Which only served to make Secret Shine seem all the more considered and professional. They were the only one of tonight's bands that I'd actually seen before -- at a short-lived Nottingham venue somewhat improbably named the Imperial, back in 1991 (I think), supporting the Sweetest Ache -- and I recall being underwhelmed on that occasion. That said, here is a band that have not rested on their laurels and have honed their chops since they reformed a few years ago prior to releasing career-best material on last year's 'There Is Only Now' album. They always had the pop tunes to back up their deft take on that swooning shoegaze dynamic -- as well as a melancholic undertow that made them suitably Sarah -- but right now live, though they might still have a slightly polite look about them, the music does manage to soar in all the right places. Given a newfound fondness for all things shoegaze, one can only hope it's onwards and upwards for Secret Shine in the next few years.

I'd better be upfront about this and just make it clear right now that I bloody love Boyracer. Whilst they may indeed be "too twee for the punks and too punk for the twees", there are some of us out here for whom that particular niche is just about a perfect fit. Tonight Stew and the gang pulled off several joyous shards of hardcore indie punk, including pretty incendiary takes on "I've Got It And It's Not Worth Having", the classic "He Gets Me So Hard" and their take on the Clean's Dunedin-tastic "Tally Ho!" "I didn't used to be so prissy in the old days," says Stew, tuning up between songs before introducing a guest appearance from old member Simon Guild (I believe 1990-94, apparently) and a giving a shout-out to his mum. Let's just say there was that perfect fusion of strained emotion and uplifting punk thrash and there was me standing at the front with a big boyfuckingracer grin on my face.

And so to the headliners. Even As We Speak we were always a curious amalgamation of a band -- Australians schooled in the homegrown D.I.Y. ethic of the 80's Antipodean scene but curiously popular in England and taken to the hearts of Peel-listening and Sarah Records buying indie-kids despite their gloriously free and easy approach to incorporating all kinds of pop influences. Fittingly, even 25 years on they make up a suitably motley crew on the stage: Julian, smiling and bookish, switching between guitar, keyboard and laptop; Mary out front, looking glamorous in a bright red dress; Anita, workmanlike behind the kit; Rob, affable and bear-like, doing a strange little circular dance, stepping forward at one or two key points to interject a growled vocal or (only once, it must be said) pour beer over his head; and Matt, taciturn under a trucker's cap but able, when necessary, to deliver a properly heartrending vocal on "Nothing Ever Happens" or unleash a bit of Duane Eddy twang. All in all, a properly heartwarming, happy and human noise -- no more than you'd expect, I guess, from the world's foremost psychedelic indie pop/rock party band.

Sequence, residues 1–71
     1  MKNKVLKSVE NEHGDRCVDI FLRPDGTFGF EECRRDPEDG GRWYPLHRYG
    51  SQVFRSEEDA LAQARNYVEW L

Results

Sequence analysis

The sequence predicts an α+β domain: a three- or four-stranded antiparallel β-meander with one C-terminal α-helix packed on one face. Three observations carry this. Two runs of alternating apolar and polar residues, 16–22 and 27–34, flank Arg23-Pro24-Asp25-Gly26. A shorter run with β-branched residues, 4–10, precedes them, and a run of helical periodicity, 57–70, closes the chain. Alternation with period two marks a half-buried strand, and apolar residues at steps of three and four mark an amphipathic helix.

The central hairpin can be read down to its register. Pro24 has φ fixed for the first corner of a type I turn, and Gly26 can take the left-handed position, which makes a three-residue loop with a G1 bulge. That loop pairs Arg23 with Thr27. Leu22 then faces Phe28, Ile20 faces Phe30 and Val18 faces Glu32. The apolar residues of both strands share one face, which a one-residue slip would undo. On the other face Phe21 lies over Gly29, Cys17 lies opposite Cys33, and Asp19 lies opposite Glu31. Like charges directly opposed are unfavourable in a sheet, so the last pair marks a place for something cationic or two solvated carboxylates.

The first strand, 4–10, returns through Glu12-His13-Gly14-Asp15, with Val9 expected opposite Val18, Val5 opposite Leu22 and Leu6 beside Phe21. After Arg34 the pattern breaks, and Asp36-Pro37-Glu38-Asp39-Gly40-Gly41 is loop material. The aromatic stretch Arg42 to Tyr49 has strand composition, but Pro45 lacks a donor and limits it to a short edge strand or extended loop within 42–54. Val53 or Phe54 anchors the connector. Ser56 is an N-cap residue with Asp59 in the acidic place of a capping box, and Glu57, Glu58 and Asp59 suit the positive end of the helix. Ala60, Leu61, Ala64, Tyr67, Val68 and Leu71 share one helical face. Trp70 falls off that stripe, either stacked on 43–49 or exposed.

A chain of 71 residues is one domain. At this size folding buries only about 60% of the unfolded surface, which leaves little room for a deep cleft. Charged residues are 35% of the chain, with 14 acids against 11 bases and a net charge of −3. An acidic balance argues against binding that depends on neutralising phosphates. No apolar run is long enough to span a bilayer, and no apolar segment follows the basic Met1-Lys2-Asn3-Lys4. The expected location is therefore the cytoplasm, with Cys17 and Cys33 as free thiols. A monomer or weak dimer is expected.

Wednesday, August 1, 2018

Summer Reading Program Continues

Next book up came yesterday, and I couldn't be more excited to get to the hammock to read about someone I have always wanted to talk to over a pint or two. Legendary A&R man and label cofounder Seymour Stein has finally penned his memoir, 'Siren Song: My Life in Music', and I'm hoping he has much to say about meeting and signing many of my favorite bands from the late 1970s and 1980s. I feel a little guilty about buying this book through a certain online giant instead of my local mom-and-pop shop, but I have to tell you I clicked the button in the morning and had it on my front porch just a few hours later... and I didn't pay a cent for shipping. That's pretty tough to beat. I'm hooked.

As expected, my dive into the music of Stein's Sire Records has already begun. That's where I'll probably stay on these pages for the next few posts. Let's start with a few from the excellent 'Just Say Yes' sampler series made famous in the late '80s. The first volume is at least partially responsible for me getting my first CD player. Sire's established acts were often represented by a remix, live performance or some other rarity not found on their latest album. For up-and-comers that may only have this one chance to get your attention, the label would usually give the listener one of their best. There will be plenty of time for the legends of Sire later in the week, but let's start with this lot of not quites. Each received a coveted slot on a Sire sampler (two in the case of Figures on a Beach) but still didn't quite become household names. Hey, they can't all be Ramones.

Figures on a Beach - No Stars (from 'Just Say Yes...' 1987)
A House - Call Me Blue (from 'Just Say Yo', 1988)
Royal Crescent Mob - Nanana (from 'Just Say Mao', 1989)
Bradford - Gang of One (from 'Just Say Da', 1990)